There's a fun legend in the North sky. More than 30 degrees north latitude is the story of a five-dimensional constellation that floats over the year, "Kepesus".
Kepesus is the king of the ancient Ethiopia (Aethiopia) in Greek mythology. Because of my vanity Cassiopeia I've been through a lot of trouble. Cassiopeia, whose daughter boasted her daughter, said: "The beauty of my daughter Andromeda is better than the sum of 50 daughter aquatic nymphs", and the redeemed anger of the Poseidon god of the sea. When Poseidon sent the monstrous whales to bring Ethiopia to the place of extermination, Kepesus had to sacrifice his daughter. Luckily, Andromeda, which has almost become monstrous food, rescues Medusa and is saved by the hero Perseus and becomes his wife.
But Poseidon's anger does not stop here, and eventually Cassiopeia hangs down to become a constellation and continues around the North Course. Today, Cassiopeia, his husband Kepesus, daughter Andromeda, son of Perseus, and monsters of whales shine like a constellation in the northern sky.
Heavenly cradle of Kepesus … A "heavy star" could be the mystery of the evolution of galaxies
But it was not just a legend that preserved the city of kephaus. On March 13, the Korean Astronomical and Space Institute (KAIST) announced that it had developed a newly discovered cradle of star formation hidden in the Kepes area as a multifunctional infrared image system (MIRIS). This was the first finding that 66 young stars (old), younger than 10 million years old, corresponding to the younger age of the universe, live in the Keepeus area.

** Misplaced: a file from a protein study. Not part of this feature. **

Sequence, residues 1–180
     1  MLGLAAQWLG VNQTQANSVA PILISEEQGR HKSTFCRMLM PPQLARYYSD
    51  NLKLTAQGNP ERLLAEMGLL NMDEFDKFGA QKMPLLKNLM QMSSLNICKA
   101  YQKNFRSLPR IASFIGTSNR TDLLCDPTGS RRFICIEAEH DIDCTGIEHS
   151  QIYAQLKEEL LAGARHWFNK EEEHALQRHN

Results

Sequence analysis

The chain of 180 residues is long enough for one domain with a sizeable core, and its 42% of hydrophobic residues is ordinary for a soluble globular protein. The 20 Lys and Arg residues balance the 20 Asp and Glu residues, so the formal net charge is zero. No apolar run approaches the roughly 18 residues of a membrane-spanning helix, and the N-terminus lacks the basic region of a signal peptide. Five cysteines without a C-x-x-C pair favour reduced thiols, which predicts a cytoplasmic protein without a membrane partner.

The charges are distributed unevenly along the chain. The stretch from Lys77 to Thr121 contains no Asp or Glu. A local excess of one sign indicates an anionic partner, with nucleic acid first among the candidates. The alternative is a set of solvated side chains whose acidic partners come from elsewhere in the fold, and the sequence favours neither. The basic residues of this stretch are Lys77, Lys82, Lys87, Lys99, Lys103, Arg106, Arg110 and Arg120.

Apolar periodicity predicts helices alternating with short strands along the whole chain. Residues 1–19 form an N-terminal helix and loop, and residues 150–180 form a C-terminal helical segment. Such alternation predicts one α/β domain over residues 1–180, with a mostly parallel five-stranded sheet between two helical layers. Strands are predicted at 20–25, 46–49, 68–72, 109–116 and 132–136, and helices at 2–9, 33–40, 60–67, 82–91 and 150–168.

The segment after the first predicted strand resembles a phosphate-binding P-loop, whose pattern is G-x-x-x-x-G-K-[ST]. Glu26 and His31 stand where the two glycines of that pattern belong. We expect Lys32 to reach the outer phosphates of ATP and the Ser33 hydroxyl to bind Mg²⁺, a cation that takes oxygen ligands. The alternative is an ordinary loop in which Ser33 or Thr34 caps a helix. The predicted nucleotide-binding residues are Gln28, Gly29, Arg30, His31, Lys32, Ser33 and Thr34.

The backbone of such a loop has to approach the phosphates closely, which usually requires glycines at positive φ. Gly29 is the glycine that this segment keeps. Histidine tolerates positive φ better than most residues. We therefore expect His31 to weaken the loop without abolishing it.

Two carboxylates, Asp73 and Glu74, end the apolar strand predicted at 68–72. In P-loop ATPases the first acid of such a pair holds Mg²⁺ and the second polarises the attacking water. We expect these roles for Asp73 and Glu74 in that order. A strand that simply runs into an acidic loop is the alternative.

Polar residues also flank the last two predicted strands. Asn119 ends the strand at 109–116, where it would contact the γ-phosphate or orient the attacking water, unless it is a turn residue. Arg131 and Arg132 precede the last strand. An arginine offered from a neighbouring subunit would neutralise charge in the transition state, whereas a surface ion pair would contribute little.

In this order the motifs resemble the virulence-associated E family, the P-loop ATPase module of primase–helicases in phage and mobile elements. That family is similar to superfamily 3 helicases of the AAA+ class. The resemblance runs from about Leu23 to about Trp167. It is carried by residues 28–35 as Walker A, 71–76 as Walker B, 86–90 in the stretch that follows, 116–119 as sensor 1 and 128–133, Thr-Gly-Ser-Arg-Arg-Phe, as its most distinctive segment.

Finding the place where the star is born is itself a mystery, but what does science mean? "This discovery helps explain the process of the evolution of the galaxy," explains Kim Il-jung, senior researcher of the Astronomical Astronomical Observatory Astronomy Group. In particular, the stars that we find are important because the Massive Star, which is huge, is more than 15 times the mass of the sun.
These heavy stars are born and die with this mass and have a major impact on the galaxy as a whole. The most representative is the supernova explosion. Heavy stars decorate the end with the energy that the sun has released for 10 billion years at the same time. It's a supernova. The nucleus of the star is formed and becomes a very small neutron star or black hole. Heavy stars return to oxygen, silicon and iron, which have been collected throughout this life in this process. Kim Il-jung, a researcher, said: "A heavy star through this process has a major impact on the galaxy, so watching these stars is a good idea to see how our galaxy has changed chemically and morphologically."
Our eyes are MIRIS from the sky above 600 km above the earth … The world's first map in the galaxy
The MIRIS telescope, launched in November November in Science and Technology Satellite no. 3, played an important role in discovering the secret of Kepesus. Isaac Newton's telescope, who watched the galaxies on the ground, looked into the invisible area. Using this technique, he succeeded in creating a precise map of our galaxy using the "Paschen Alpha", the world's first hydrogen spectrum that emitted stars from the observation of a heavy star in Kepesus.
Dr. Jung Woong-seop, who participated in the study, said: "Newtonian telescopes used H-alpha, which is relatively short wavelength between hydrogen spectra, but due to" interstellar extinction "in which wavelengths are absorbed or dispersed by but the MIRIS could get a more accurate image by observing the longer wavelength "Paschen Alpha" in space and not on the ground. The younger stars were formed in large, dense clouds called "ionospheric zones "which use hydrogen spectrum from these observations.
MIRIS is known to be able to observe the entire galaxy because it can observe a wider area than NASA's Hubble Space Telescope, which observes space at similar altitudes. Researchers are planning to find more ionizing hydrogen fields in the future, which will be extended to all the same. In the meantime, the results of the study were published in the Astrophysical Journal Supplement Series, an international body for astronomy.
Huh Jung Won reporter [email protected]